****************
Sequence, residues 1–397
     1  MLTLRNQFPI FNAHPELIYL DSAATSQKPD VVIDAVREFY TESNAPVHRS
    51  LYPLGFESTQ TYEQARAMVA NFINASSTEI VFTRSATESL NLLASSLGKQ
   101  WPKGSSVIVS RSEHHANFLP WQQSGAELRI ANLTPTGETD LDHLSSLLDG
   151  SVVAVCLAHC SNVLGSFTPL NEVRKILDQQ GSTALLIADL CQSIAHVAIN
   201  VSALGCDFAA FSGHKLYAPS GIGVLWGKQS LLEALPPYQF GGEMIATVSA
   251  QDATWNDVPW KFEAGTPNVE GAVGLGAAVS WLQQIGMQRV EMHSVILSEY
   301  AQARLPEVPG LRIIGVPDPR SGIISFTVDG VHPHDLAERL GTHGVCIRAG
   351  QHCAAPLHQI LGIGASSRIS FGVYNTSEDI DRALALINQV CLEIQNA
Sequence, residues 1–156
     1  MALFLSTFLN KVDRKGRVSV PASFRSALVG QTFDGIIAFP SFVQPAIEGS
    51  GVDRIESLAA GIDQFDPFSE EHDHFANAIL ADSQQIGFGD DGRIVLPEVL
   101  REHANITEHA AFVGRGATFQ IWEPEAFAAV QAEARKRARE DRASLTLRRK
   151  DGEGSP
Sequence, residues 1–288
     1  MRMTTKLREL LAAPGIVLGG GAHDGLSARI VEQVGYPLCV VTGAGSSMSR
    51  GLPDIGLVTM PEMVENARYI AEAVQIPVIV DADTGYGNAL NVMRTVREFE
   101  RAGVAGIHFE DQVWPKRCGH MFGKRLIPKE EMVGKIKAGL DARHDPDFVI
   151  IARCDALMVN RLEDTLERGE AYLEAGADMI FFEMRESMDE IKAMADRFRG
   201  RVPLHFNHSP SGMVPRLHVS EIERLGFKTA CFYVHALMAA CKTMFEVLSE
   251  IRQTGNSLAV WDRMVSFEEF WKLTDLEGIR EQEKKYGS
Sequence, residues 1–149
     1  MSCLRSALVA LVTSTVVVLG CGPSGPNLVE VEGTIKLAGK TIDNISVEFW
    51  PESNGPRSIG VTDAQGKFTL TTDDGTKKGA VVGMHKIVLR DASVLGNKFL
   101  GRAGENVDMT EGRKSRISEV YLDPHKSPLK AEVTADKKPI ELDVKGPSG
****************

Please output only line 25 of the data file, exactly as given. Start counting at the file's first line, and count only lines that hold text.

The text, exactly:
   101  GRAGENVDMT EGRKSRISEV YLDPHKSPLK AEVTADKKPI ELDVKGPSG